CRD’s septic site costs keep rising

Limited hours impact local haulers

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Salt Spring septic haulers will be subject to new regulations and enforcement at the Burgoyne Bay transfer facility starting Feb. 1. 

While regulations have always been in place, the Salt Spring Island Liquid Waste Disposal Local Service Commission recently voted to implement a series of fines for non-compliance as well as update some of the existing regulations for the upgraded facility. The commission voted at their last meeting, held in November, to amend the bylaw and to increase the tipping fee at the facility from 41.5 cents to 44 cents per imperial gallon. 

A notable change to the regulation bylaw is new hours of operation. Haulers have voiced concerns about the set hours, from 7:30 a.m. until 4 p.m. from Monday to Friday, saying that with new dumping procedures at the facility there is a limit on the number of jobs they can do. 

“A pump-out for me could take up to two hours,” said All Out Septic Pumping operator Cal Mills. “Now my business is basically cut in half . . . Emergencies are between 25 and 30 per cent of my business. If I’m booking between my business hours of 8 a.m. and 2 p.m., where do I have time to schedule or deal with emergency call-outs?”

CRD Saanich Peninsula and Gulf Islands Operations manager Dan Robson explained that hours of operation were established to ensure the CRD can oversee the facility and have more control. He said that limiting operational hours is typical of utilities and that the regulation does not preclude emergency access. The bylaw includes a provision for after-hours and call-out charges. Charges are $75 per hour, with a minimum charge of $150 for the first two hours for after-hours use. That charge is in addition to the tipping fees and annual facility user permit. 

In previous years, the transfer station was much simpler, with no screening or receiving facilities at the site. Upgrades include a mesh screen that physically separates out grit, as well as a more sophisticated offloading procedure.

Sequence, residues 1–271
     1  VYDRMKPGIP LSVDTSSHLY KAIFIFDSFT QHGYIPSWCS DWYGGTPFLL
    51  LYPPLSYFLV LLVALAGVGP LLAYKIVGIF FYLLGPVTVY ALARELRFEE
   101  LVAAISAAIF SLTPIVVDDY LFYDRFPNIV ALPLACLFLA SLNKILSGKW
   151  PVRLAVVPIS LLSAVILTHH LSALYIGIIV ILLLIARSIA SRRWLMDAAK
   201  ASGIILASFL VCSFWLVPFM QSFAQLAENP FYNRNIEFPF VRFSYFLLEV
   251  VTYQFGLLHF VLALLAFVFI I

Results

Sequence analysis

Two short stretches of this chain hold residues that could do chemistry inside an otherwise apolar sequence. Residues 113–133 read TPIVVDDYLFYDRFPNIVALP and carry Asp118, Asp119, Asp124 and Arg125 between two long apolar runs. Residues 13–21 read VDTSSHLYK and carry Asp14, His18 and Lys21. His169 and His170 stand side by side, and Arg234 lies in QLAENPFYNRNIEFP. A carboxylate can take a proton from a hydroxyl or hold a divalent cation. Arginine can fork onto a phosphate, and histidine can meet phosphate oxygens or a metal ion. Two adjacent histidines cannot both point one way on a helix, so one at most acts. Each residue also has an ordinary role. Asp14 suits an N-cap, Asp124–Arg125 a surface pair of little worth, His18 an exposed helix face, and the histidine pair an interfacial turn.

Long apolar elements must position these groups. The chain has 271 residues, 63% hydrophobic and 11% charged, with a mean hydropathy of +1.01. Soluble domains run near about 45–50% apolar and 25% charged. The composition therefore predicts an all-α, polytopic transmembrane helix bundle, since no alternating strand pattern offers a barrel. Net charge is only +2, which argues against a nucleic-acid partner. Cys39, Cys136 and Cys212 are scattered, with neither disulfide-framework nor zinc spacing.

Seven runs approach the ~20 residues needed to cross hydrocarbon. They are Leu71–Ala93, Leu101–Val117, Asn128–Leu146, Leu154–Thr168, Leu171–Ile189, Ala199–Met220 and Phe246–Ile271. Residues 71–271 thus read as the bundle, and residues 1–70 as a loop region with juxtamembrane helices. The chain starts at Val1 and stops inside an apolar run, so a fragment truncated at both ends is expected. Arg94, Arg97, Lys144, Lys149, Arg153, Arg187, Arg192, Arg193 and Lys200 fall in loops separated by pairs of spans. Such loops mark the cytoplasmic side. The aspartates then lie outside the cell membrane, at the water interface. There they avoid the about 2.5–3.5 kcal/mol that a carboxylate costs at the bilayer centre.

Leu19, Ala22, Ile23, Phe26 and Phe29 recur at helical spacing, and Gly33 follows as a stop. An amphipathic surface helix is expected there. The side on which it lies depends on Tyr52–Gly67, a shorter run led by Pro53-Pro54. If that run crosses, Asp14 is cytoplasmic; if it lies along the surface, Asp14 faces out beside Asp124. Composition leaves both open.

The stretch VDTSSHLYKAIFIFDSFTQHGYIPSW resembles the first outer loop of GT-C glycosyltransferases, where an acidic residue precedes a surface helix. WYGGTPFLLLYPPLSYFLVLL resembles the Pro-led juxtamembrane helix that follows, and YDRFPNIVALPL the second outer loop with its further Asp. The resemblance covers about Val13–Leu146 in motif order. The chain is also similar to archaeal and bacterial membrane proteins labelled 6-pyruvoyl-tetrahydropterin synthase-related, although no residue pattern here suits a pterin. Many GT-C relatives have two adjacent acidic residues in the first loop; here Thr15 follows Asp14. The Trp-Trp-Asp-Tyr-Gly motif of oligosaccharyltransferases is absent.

Tipping fees, which cover the operations of the facility, were also raised. The 44 cents per imperial gallon paid by users on Salt Spring goes towards operations, hauling and disposal of the sludge. That rate is also higher than fees of other liquid waste disposal facilities in the region. The Regional District of Nanaimo website lists its 2020 regular septage disposal rate at 26 cents per imperial gallon. Robson said he was unaware of charges for other areas of the province, but added that “It all depends on what the receiving facility looks like for that particular service.”

Robson said that this year the contractor that hauls the sludge off-island — Coast Environmental — raised its tipping fee, which contributed to the fee hike. Salt Spring’s septage is eventually disposed of at the SPL facility in Langford, owned by Coast Environmental. The fees were on par with other areas until around a decade ago, when they increased by 58 per cent to cover higher than expected costs to operate the Burgoyne facility. Since then, tipping fees have further increased by 13 per cent.

In 2018, the CRD paid $850,503 to Coast Environmental, which also includes compost disposal and other waste management services. The Salt Spring Island Septic Sludge hauling contract for the same year was $371,200.

The parcel tax for Salt Spring property owners to support Burgoyne facility costs was also increased this year by 20 per cent. Parcel taxes cover debt costs and reserve savings. 

For more on this story, see the Jan. 29, 2020 issue of the Gulf Islands Driftwood newspaper, or subscribe online.

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